While it still seems a long way off - despite the denialist nonsense pushed out by the Oval Office - at some point there will be an end to the COVID crisis and society will have to think about how to reboot and what form the future economy will take. At that point, the future of work will be one of the topics that needs to be taken into consideration. The recent BlackTechFest event took a look at that topic, inviting three panelists to contemplate what we will need to do to make a post-pandemic world of work…well, work.
Gabriela Hersham is CEO of Huckletree, a workspace accelerator based in the UK. She argues:
I think it's obvious to us right now, but something that we couldn't have predicted 12 months ago, is that we are all going to have much more flexibility in where we choose to work from, which I think is great, especially for us parents who need that time at home, who are missing out on precious times. As with so many other people, this flexibility brings such a greater work life balance. I really see people choosing to spend more time working from home more than working from the workspace and for that not to be seen as a negative anymore. I also see enterprise and big corporates moving into more flexible workspace offerings, which is great for my industry, and really buying into the added value that workspace operators can can bring them with innovation endeavours.
For his part, Julian Hall, CEO of Ultra Education, which defines itself as a BAME-led organization that focuses on teaching entrepreneurship to underrepresented communities and those for whom the existing education system does not deliver, sees encouraging such entrepreneurship as the key:
When we are talking to kids about entrepreneurship, really we kind of unpack the term and introduce them to some of the nuggets and the cornerstones of entrepreneurship in in this regard. We know that disruption provides opportunity and that there's always a learning and there is always a way to present your ability to perhaps do things better. We're in a very different space currently and that will only project itself into the future. We're all gazing into our own individual crystal balls to work out what that could be, but I think for us, it's about what trends do we see? Some of them have been ongoing and are pointing towards the future of work through the World Economic Forum Future of Jobs report. So we do understand some of the skill sets that were touted, whether it's critical thinking, teamwork skills, stuff around data, being a digital professional. COVID has accelerated those. So where the World Economic Forum may have said, 'That's coming in 2013', it's probably come this year. So for us it's just about the acceleration of what has already been researched and tying those in with entrepreneurship in the fact that it presents an opportunity.
Fostering entrepreneurs tackles a host of issues, he attests:
I know young people who have applied for literally a hundred jobs and can't find anything. I've always said if you can't find the job of your dreams, you should be able to create the job of your dreams. It's not that I want everyone to be an entrepreneur, but I do want everyone to be happy in employment. We've been far too comfortable with hating Monday mornings and loving Friday evenings. For me, that isn't the ambition of the next generation. In working with communities who don't often have access to a brilliant work pipeline, the schools are often better pivoted towards creating their own employment and creating their own dream job because many of them simply don't have the networks to get them into the types of work that they would love. You have Black, Asian and minority ethnic groups who are having to change their identity when they go into the corporate workplace. When you are an entrepreneur and you're doing your own thing, it actually reinforces who you are. You have to dial up your own identity, dial up your communication because you've got to be authentic. So are were lots of things that entrepreneurship solves in regards to an employment pathway.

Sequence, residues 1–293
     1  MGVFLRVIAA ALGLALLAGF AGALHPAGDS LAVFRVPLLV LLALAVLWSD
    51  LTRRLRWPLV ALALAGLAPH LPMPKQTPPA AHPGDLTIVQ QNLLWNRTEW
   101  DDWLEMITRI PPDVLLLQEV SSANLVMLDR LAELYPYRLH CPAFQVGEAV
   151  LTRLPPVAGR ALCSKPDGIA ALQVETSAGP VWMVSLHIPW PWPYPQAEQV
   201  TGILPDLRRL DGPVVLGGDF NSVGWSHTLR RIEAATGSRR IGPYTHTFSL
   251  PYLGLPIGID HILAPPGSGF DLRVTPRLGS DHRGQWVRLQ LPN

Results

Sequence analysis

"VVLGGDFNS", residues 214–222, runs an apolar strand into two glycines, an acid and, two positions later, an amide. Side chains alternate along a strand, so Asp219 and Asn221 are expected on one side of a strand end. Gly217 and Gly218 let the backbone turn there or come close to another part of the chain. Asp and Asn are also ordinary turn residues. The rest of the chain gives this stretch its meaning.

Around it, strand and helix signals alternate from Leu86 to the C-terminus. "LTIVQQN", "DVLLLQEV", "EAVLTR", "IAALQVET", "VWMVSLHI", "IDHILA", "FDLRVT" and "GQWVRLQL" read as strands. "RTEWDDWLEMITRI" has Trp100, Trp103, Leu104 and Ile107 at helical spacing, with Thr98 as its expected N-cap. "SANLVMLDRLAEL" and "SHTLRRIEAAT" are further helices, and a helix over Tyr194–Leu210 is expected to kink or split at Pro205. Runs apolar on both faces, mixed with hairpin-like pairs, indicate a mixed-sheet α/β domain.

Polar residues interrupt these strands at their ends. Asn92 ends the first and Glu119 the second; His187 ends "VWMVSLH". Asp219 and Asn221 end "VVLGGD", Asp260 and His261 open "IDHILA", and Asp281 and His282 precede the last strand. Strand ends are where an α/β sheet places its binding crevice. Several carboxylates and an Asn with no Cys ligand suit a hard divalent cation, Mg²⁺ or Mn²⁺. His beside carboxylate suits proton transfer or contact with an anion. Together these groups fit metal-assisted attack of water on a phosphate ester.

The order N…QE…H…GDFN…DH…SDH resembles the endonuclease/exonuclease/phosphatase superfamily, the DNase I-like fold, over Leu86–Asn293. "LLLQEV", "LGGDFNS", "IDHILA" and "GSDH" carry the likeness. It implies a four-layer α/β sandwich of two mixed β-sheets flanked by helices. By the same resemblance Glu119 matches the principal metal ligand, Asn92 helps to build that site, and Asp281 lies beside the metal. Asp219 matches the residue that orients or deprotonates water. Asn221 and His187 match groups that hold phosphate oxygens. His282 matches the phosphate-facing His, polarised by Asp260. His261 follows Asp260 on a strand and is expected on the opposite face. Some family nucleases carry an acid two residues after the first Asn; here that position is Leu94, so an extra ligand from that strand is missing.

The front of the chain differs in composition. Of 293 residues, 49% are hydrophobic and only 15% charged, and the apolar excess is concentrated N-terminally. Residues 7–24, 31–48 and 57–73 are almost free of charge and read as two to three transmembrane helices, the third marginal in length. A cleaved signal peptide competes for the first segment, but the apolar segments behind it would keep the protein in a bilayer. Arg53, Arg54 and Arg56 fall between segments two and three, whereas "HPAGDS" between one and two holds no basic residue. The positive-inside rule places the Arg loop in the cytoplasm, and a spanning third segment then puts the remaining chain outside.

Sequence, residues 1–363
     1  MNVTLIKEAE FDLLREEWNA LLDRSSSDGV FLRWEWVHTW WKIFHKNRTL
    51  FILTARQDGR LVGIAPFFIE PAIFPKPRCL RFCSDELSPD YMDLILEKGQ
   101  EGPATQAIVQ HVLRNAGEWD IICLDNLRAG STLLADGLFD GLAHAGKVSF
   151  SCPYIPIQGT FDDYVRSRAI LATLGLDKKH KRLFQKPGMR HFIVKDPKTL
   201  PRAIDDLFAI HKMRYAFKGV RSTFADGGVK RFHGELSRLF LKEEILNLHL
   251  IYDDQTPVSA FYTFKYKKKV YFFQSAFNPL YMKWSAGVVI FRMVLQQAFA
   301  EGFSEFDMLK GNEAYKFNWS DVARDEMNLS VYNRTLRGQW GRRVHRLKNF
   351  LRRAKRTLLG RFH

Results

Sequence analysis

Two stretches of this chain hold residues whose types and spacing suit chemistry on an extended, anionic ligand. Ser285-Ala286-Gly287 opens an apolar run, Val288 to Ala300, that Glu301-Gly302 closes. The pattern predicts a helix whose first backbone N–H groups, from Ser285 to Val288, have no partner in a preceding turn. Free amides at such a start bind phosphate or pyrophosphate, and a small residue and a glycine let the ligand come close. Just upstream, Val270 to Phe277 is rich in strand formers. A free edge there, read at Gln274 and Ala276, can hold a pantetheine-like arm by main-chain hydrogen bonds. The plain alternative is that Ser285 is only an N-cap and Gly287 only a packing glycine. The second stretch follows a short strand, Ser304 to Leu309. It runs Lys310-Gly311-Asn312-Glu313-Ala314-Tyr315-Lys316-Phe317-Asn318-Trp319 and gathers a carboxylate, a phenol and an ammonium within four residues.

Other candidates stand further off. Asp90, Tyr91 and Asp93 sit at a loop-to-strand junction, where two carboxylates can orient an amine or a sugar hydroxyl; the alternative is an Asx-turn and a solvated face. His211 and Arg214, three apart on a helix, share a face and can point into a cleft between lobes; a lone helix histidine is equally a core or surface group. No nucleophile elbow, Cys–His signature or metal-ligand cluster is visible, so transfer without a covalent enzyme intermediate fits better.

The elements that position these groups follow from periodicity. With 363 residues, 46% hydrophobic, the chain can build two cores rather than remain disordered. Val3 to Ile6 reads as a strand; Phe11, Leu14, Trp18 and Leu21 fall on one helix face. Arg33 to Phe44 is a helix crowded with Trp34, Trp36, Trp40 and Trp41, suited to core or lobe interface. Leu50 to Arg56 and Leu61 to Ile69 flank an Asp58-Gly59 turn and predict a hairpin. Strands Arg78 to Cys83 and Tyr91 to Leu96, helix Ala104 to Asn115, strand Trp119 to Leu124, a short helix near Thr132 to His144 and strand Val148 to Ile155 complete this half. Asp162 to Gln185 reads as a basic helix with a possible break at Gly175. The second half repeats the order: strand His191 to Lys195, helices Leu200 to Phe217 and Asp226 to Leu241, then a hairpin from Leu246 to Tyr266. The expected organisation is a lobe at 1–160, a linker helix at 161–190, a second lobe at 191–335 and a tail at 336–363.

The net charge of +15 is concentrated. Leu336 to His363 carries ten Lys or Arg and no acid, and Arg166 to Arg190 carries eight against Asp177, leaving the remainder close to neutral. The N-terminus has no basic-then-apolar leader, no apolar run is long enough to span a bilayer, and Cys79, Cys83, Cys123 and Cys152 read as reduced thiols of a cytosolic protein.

For Euan Blair, CEO of WhiteHat, the future of work lies in large part in overturning the traditional educational approach:
We are on a mission to create a diverse group of future leaders by building an outstanding alternative to university through apprenticeships. WhiteHat really exists because we feel universities are broken as a one-size-fits-all model. They're still teaching people the way they were decades ago, despite all the changes we're seeing in the labor market and actually they're failing to meet the challenge of improving social mobility. We have apprentices at some of the world's top companies - Google, Facebook, Sky, Bloomberg Omnicon, Visa - all there without university degrees and we're increasingly re-skilling people who were looking to change careers. I think probably the biggest impact this is having for us is really on priorities for business. So diversity and access to opportunity are firmly at the top of the agenda for every CEO, every board of every major organization, and they're going to have to take these issues seriously and demonstrate the steps they're taking in this area. The other thing we've witnessed is this rapid acceleration of the need for digital skills. Every major global company is in some stage of undergoing the transformation they'll need to be successful. Over the next decade, digital skills will be at the heart of that.
According to Blair, apprenticeships are to ‘future proof’ your career: